On July 1, Jewish Hoops of America named Judah Oppenheimer, of Scarsdale and SAR Academy (‘19), as the National Player of the Year for the 2018-19 season. According to Jewish Hoops of America, “Oppenheimer capped a stellar three year varsity career by averaging 21.4 points per game and led the Sting to a 15-10 record and a semifinal appearance at the Sarachek Tournament.”
Oppenheimer, a point guard, started playing at SAR Academy in sixth grade. He then joined SAR’s ninth grade junior varsity team and continued to play on the varsity team in tenth through twelfth grades. His highest scoring game occurred in his senior year when he scored 36 points against Ramaz. Oppenheimer’s most memorable game was against Valley Torah at the annual Yeshiva University Sarachek tournament in tenth grade. “My team was relying on me as a young player and I took advantage of my opportunity on a big stage.”
Oppenheimer revealed, “I realized I had a real knack for the game when I was able to anticipate a play before it developed.” Oppenheimer, who grew up going to New York Knicks games with his father, added, “I started playing basketball when I was two years old in my basement, and I got interested in the sport though my older brother Daniel, who was always playing and taught me how to play.” Oppenheimer’s favorite team is the Knicks and favorite player is Kevin Durant.
Earlier in July, Oppenheimer played for the USA team in the PanAm Maccabi Games held in Mexico City, where they won the gold medal and went 5-0. Oppenheimer was selected for the team after SAR Coach Rafi Halpert submitted game film highlights to the head coach of the USA team. Oppenheimer also played in the 2014 Maccabi games in Detroit, where the USA team also won the gold medal.
“I am grateful to receive this honor,” stated Oppenheimer. “I feel fortunate to have played under terrific coaches and lucky to be able to play with my friends for so many years.” Oppenheimer advised aspiring young players to “be disciplined, to recognize it’s a team game, work when the lights are off and stay humble.”
Oppenheimer added, “I train by focusing on strength and conditioning, catch and shoot/off the dribble drills, and I always practice shooting free throws when I’m tired. I envision the game while I’m practicing. I am inspired by my brother and Tom Brady. They are both hard workers and are always push beyond their limits. They inspire me to stay disciplined and block out outside noise and never be satisfied until I reach my goals.”
Oppenheimer will be attending Reishit in Israel next year and then going on to Yeshiva University where he plans to play basketball on the college level. Oppenheimer revealed, “I plan to take my basketball career as far as the game takes me.”
“It’s a lot of fun to coach a player as talented and coachable as Judah,” expressed Halpert. “Judah is a phenomenal player who really stood out amongst his peers this season. While most nights Judah faced double and sometimes triple teams, he almost never took a bad shot and still managed to lead the league in scoring. I am really proud of Judah, not only is he an amazing player, but he is an even better teammate and a true mensch on and off the court.”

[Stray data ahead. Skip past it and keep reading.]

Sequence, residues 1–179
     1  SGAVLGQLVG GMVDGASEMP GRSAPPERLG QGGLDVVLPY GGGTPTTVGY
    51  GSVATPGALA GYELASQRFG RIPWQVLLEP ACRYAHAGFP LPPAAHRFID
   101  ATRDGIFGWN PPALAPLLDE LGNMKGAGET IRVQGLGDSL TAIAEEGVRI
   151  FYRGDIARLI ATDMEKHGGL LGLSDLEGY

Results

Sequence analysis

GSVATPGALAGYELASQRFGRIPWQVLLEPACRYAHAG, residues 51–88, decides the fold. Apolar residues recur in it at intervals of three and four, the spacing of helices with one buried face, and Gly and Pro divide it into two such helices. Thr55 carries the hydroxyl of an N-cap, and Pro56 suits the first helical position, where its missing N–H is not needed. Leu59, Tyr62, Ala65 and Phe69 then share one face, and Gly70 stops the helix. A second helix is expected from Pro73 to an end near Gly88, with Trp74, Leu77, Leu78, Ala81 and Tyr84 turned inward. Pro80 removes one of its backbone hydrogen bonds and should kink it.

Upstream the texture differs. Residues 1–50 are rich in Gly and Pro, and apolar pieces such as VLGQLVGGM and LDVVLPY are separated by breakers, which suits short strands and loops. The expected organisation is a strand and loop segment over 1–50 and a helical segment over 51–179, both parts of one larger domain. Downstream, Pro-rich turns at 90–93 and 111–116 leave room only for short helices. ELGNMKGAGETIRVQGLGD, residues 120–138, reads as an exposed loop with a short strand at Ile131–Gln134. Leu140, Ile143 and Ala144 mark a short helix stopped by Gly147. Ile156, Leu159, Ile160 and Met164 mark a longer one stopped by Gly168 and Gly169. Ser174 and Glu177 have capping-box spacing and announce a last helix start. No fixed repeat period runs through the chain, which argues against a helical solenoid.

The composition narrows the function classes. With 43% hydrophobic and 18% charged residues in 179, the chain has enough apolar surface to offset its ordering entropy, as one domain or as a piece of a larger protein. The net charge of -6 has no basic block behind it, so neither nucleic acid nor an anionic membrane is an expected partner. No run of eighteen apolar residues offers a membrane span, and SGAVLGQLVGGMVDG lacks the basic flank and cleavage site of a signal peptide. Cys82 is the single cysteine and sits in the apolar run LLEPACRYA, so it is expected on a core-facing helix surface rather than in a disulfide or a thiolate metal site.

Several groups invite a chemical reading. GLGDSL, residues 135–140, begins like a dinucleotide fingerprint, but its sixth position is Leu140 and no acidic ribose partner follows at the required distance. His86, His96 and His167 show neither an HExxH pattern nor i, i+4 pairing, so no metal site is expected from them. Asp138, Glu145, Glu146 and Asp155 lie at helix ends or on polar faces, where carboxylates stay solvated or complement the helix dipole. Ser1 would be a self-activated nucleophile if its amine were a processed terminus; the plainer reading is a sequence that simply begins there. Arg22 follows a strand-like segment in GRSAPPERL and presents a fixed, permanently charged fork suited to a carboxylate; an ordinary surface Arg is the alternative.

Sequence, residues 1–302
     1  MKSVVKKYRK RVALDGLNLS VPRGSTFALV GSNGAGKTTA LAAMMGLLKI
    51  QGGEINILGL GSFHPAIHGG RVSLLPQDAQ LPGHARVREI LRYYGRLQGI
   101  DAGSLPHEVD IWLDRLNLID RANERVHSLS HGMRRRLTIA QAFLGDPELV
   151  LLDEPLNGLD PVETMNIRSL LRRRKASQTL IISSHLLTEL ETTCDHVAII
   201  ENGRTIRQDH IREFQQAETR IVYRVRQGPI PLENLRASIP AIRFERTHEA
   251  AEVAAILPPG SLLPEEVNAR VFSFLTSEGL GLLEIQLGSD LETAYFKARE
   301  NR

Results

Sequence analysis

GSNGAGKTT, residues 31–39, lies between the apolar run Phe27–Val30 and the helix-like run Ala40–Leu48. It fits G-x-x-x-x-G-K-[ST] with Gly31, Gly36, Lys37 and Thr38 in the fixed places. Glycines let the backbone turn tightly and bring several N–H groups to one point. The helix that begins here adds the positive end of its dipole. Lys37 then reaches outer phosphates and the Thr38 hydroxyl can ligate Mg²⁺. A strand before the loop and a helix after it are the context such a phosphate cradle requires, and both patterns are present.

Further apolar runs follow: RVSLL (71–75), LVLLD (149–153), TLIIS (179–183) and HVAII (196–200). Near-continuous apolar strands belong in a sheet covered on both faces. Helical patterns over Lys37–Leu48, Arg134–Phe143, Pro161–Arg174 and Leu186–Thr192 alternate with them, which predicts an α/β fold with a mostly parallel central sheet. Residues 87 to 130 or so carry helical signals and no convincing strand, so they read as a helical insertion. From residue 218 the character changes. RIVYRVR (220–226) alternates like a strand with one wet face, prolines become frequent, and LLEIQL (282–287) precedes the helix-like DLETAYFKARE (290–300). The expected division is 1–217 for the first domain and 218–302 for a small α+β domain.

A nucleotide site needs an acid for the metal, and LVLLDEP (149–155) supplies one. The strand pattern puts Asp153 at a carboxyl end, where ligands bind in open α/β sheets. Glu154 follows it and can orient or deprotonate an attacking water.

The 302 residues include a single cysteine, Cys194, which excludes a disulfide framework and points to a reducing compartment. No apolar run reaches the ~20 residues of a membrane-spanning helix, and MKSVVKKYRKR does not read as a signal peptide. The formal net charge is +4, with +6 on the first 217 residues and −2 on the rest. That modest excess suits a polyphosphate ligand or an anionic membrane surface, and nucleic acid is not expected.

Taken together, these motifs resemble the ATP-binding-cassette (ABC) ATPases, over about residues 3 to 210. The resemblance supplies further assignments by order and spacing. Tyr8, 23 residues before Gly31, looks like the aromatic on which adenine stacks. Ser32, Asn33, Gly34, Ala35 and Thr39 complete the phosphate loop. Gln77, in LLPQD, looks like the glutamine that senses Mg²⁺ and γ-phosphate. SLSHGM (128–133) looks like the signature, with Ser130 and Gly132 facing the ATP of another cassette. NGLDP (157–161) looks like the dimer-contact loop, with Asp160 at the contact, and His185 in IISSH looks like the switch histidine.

Sammy Sokol (SAR HS ’18) of New Rochelle explained that he played with Judah for three years, “I realized his talent when he was a sophomore during the Sarachek tournament when he hit big shot after big shot against Valley Torah. Judah’s very deserving of this award. He’s the hardest working kid I know!”
Michael Courtney, SAR director of college counseling and head coach of the junior varsity boys’ basketball team added, “Judah was my starting point guard from the very first practice and behind his stellar play, our team made it to the league championship game.Judah used to come to many of Daniel’s JV games when he was in fourth and fifth grade and there was a buzz when Judah would shoot around on a side hoop before and after games and during halftime. I started working with him a bit when he was in seventh grade and the prodigious talent was apparent. He was an incredibly advanced dribbler, a highly effective outside shooter, a fearless driver to the hoop and a possessor of superior court vision.”
“It’s very exciting to have such a stellar talent at SAR High School. I thoroughly enjoyed coaching Judah for one season and watching many of his varsity games for three seasons, Courtney proudly stated. “Judah was a perfect representative for SAR with his commitment to the ethos of our school; he’s a huge mensch. More important than his basketball talents are his gifts as a special human being. Judah is as kind and gentle as they come, a perfect role model for his peers and younger students.”
Courtney continued, “He works incredibly hard at improving as a basketball player every day, but he’s an even more effective example of how a high school star athlete should carry himself both on and off the court. He learned that from his amazingly committed parents. You’ll never hear a person utter a negative remark about Judah Oppenheimer’s character and for that, it means so much to our school that he was given the player of the year award. Personally, I love the kid and can’t wait to see what he does next on the basketball court after his year in Israel.”
By Judy Berger